SHAW, GEORGE BERNARD. (1856-1950). Nobel Prize-winning Irish playwright and critic known for his many plays including The Devil’s Disciple and Pygmalion. AMs. Unsigned. ½p. 4to. N.p., N.d. [London, December 4, 1929]. (To journalist HENRY LOSTI RUSSELL, 1896-1968.) Shaw’s handwritten response to a typed question inquiring, “Do you think the Kellogg Pact is an effective means of abolishing war? If so why, and that being the case what useful purpose will be served by holding the forthcoming Five-Power Naval Disarmament Conference? If not why, and can you suggest anything that would be more effective than the Pact?”
“I have repeatedly pointed out that the Kellogg Pact is a step backward… as it allows the parties to make war in self-defence… It is a military maxim that the best defense is a bold and unexpected offensive”
“I have repeatedly pointed out that the Kellogg Pact is a step backward from the Covenant of the League of Nations, as it allows the parties to make war in self-defence. All the combatants in 1914-1918, and in every other war ever waged, went to war in self-defence. It is a military maxim that the best defense is a bold and unexpected offensive.”
Shaw began his writing career on April 21, 1894, when his play Arms and the Man, which explores the futility of war, opened to great acclaim in London. His foremost international success, it represented “the true beginning of [his] recognition as a popular dramatist,” (Encyclopedia Britannica). Likened by some to Shakespeare, Shaw combined satire, comedy and social criticism in his more than 50 plays. His famous stage works include Saint Joan (for which he was awarded the Nobel Prize in literature in 1925), Man and Superman and Pygmalion, the inspiration for the popular musical My Fair Lady.
The horrors of World War I led Shaw to abandon his pursuit of socially critical drama, and to criticize the period instead. During the war Shaw published a controversial pamphlet, Common Sense about the War, suggesting that both Great Britain and the Allies were as responsible as the Germans for committing atrocities, and argued for negotiations and peace. He also gave numerous anti-war speeches that provoked much criticism at home. In 1928, Shaw authored The Intelligent Woman’s Guide to Socialism, Capitalism, Sovietism and Fascism, and by the 1930s he had self-identified as a communist. Shaw’s strong opinions on the Treaty of Versailles, signed in Paris after war’s armistice, likely led to the frequent solicitation of his opinion.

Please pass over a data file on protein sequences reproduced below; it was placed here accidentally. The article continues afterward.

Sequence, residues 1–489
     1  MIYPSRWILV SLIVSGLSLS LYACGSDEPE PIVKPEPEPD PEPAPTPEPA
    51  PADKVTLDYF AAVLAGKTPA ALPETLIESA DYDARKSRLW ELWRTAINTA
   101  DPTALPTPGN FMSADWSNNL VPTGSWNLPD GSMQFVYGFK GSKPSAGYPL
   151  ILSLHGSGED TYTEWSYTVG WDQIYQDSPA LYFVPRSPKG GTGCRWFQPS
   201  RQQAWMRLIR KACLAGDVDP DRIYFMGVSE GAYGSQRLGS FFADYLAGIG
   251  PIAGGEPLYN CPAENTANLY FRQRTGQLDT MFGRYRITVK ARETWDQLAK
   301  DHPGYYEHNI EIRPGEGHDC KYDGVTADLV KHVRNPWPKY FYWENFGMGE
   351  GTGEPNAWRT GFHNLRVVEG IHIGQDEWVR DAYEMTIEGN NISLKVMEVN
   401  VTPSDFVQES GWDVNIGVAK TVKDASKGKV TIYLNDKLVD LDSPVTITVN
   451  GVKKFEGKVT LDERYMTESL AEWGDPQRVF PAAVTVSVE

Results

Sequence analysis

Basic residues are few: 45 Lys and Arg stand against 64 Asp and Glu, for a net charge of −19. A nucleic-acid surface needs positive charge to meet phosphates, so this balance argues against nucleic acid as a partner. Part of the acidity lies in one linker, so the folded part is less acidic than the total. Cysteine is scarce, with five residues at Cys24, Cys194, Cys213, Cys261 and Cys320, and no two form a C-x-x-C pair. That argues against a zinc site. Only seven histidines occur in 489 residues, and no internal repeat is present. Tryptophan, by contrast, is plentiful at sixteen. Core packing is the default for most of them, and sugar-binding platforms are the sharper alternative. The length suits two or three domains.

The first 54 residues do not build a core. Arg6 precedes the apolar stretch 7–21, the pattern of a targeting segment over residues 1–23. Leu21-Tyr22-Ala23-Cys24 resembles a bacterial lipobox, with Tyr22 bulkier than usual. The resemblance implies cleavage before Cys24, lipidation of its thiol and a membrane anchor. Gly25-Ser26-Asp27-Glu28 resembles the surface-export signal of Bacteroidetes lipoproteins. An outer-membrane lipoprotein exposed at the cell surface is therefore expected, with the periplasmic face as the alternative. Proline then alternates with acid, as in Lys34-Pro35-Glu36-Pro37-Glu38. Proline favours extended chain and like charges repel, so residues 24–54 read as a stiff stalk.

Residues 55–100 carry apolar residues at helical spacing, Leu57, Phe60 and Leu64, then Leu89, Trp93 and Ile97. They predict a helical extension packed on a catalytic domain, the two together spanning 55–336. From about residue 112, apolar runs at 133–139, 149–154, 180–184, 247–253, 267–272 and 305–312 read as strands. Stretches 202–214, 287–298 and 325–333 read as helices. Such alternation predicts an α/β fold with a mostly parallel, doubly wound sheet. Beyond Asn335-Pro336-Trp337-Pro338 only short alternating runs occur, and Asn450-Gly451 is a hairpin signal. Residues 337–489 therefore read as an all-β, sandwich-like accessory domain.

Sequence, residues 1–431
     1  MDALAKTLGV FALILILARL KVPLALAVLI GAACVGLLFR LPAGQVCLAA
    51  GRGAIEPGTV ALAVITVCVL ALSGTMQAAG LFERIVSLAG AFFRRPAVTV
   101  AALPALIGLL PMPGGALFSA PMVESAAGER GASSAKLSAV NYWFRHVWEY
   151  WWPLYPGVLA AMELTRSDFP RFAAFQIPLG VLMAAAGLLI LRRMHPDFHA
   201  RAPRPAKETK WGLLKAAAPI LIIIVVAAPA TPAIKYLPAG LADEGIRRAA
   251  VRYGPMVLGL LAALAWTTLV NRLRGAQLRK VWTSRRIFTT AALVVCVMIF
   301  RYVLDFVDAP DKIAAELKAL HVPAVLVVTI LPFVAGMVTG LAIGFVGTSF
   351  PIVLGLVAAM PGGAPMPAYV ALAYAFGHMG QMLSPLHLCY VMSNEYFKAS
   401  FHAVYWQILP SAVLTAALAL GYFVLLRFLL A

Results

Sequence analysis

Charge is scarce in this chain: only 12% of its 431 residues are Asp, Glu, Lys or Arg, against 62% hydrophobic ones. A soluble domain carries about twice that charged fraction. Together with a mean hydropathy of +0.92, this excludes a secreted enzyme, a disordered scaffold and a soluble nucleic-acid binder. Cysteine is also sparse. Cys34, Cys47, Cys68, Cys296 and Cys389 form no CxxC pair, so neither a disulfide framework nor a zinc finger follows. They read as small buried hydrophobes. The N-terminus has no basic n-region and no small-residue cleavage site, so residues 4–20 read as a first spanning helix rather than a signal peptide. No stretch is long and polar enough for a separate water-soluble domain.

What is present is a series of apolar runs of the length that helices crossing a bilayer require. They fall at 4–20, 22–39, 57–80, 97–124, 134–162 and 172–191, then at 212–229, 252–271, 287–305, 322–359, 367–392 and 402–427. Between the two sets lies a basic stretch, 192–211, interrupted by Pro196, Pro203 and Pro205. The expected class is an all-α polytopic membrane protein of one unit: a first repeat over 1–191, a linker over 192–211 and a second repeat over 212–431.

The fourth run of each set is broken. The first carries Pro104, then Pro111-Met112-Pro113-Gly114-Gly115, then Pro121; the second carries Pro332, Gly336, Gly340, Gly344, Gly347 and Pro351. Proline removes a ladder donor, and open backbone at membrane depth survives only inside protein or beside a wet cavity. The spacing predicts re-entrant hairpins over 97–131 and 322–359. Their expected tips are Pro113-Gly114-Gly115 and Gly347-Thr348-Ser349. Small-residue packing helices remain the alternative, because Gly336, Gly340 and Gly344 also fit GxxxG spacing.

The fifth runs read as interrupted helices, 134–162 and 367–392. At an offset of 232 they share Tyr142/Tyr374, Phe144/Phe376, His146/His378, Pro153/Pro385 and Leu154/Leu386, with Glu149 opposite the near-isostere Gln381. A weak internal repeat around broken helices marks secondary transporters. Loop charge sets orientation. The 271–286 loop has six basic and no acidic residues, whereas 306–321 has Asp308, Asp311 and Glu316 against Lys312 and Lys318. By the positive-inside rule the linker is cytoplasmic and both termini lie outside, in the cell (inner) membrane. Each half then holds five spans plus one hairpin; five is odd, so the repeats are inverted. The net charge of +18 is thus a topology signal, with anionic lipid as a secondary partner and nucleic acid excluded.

In 1922, the United States, Japan, France, and Italy signed the Five Powers Treaty at the Washington Conference, which limited future naval growth. President Calvin Coolidge invited the signatories to revisit the subject in 1927; however, France and Italy declined, leaving Japan, Great Britain and the United States to meet at the Geneva Naval Conference and discuss naval limitations. The parties failed to reach an agreement, which led to a third meeting, the London Naval Conference of 1930, at which time Great Britain, the United States, Japan, France, and Italy attempted to discuss disarmament and revise the terms of the Five Power Treaty of 1922.
Shaw penned our comment more than seven months after the effective date of the Kellogg-Briand Pact which called for peaceful settlement of future disputes between its original signatories, France, the United States and Germany, and later the United Kingdom, Soviet Union and other countries who agreed to adhere to its principles. He also references the Covenant of the League of Nations, the organization’s charter drafted by Woodrow Wilson in 1919 and ratified as part of the Treaty of Versailles.
In excellent condition.